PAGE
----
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‘Mistaken’ to think Boris Johnson wanted a second term for Donald Trump, says former civil service chief

Andrew Woodcock
·4-min read
 (AFP via Getty Images)
(AFP via Getty Images)

Boris Johnson will be pleased that Donald Trump has not been re-elected for a second term as president, the former head of the civil service has said.

Mark Sedwill, who was forced out as cabinet secretary by Johnson last year but received the consolation of a peerage and a £250,000 payoff, said it was “mistaken” to believe the prime minister had been hoping for a Trump victory over Joe Biden

Writing in the Daily Mail on Mr Trump’s final full day in office, Lord Sedwill said there was “relief” in Western capitals that “normal diplomatic relationships will be restored” under Mr Biden after four years when US leadership went missing.

“Based on my time working for Boris Johnson in Downing Street, I believe those who have said he would have preferred a second Trump term are mistaken,” said Lord Sedwill. “That would not have been to the benefit of British or European security, to transatlantic trade, let alone the environmental agenda to which the prime minister is so committed.”

But Downing Street refused to say whether the PM was glad at the handover of power in Washington.

Mr Johnson’s official spokesman said: “The prime minister always has a strong relationship with whoever is in the White House. That was the case with President Trump and it will be the case with President Biden.”

Mr Johnson faces a struggle to overcome the distrust of the incoming president, who has previously described the prime minister as “a physical and emotional clone” of Trump.

Despite having described Mr Trump as “out of his mind” and unfit for the presidency prior to his 2016 election victory, Mr Johnson changed his tune sharply once the reality TV star was installed in the White House, describing him as having “many, many good qualities” and suggesting he could win the Nobel Peace Prize.

His efforts were rewarded by the president hailing him as “Britain Trump” and becoming one of the few leaders of friendly nations to back his Brexit project.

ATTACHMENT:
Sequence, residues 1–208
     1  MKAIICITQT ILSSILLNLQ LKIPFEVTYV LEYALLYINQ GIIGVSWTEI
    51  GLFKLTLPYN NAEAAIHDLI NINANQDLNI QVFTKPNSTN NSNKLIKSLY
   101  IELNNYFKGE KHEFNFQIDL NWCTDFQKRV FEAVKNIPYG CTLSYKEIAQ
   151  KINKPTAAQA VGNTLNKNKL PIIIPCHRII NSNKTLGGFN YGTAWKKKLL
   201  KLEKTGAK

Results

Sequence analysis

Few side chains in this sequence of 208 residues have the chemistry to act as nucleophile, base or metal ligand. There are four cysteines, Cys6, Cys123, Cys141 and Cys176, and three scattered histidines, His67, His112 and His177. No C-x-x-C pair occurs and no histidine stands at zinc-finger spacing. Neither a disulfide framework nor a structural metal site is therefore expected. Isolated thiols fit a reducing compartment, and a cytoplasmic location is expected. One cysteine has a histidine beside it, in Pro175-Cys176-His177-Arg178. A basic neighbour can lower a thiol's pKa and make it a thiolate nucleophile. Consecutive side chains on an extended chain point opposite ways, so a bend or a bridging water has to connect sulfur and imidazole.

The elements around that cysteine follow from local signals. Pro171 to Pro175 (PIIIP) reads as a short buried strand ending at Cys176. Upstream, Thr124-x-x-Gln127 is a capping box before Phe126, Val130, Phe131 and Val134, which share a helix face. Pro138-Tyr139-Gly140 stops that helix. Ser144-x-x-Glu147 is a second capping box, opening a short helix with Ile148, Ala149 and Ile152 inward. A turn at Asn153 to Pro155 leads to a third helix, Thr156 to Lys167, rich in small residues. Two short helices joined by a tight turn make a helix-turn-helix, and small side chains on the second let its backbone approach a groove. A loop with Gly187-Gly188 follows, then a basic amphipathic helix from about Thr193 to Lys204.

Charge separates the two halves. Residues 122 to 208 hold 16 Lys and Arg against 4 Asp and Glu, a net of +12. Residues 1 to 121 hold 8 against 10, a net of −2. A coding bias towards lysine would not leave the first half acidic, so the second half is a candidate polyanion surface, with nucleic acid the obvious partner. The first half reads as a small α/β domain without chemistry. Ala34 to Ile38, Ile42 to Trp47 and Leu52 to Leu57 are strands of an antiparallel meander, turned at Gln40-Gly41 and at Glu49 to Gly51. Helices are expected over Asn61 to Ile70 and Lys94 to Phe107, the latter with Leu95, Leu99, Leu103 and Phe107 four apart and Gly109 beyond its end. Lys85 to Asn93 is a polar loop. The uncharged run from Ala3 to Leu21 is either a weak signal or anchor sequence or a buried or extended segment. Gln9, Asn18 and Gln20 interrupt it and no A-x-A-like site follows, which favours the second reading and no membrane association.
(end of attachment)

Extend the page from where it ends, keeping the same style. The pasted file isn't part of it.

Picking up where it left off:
It was not until after the storming of the Capitol by Trump supporters that the PM allowed himself a note of criticism, saying the president was “completely wrong” to encourage the rioters and cast doubt on the results of last year’s election.

On the eve of Mr Biden’s inauguration, Lord Sedwill - who was also national security adviser under Mr Johnson and Theresa May - warned that the arrival of the new administration would not all be plain sailing for the UK.

Despite intensive lobbying from London for an early post-Brexit trade deal with the US, Mr Biden’s priorities in his first months in office will be domestic, as he seeks to control the Covid pandemic and “restore harmony and dignity to American politics”, said Sedwill.

And internationally, the incoming president’s agenda will be dominated by China and not the “special relationship” with the UK.

The Biden team is “deeply unhappy” over last month’s EU investment agreement with Beijing, and might reduce Washington’s commitment to military defence of Europe, warned Sedwill.

“Might President Biden or a future president take at face value EU talk of 'strategic autonomy' outside of the traditional Nato umbrella, and leave them, and us in Britain, to handle the threats to European security ourselves?” he asked.

“Despite repeated demands from Washington, the EU's defence expenditure is only half Britain's rate and a third of America's, fragmented across 27 countries, despite an ever-growing threat in our own neighbourhood from Russia and instability to Europe's south and east. We need our continental partners to invest more in effective security and defence.”

Lord Sedwill stressed the need for Western allies in the UK, EU and US to put the “frictions” of recent years - including Brexit - behind them and work together on a “consistent coherent and comprehensive consensus” on China. The UK’s presidency of the G7 in 2021 will give Mr Johnson an opportunity to shape that consensus, he said.

“The key is for the western democracies to put the frictions of the past few years behind us, remember that what unites us far outweighs our differences, and recognise that if we present a united front we can ensure our values and interests prevail in the 21st century just as they did in the 20th,” he wrote.

“With Brexit accomplished and the Biden administration ready to re-engage, this is the moment for 'global Britain' to step up to that challenge.”

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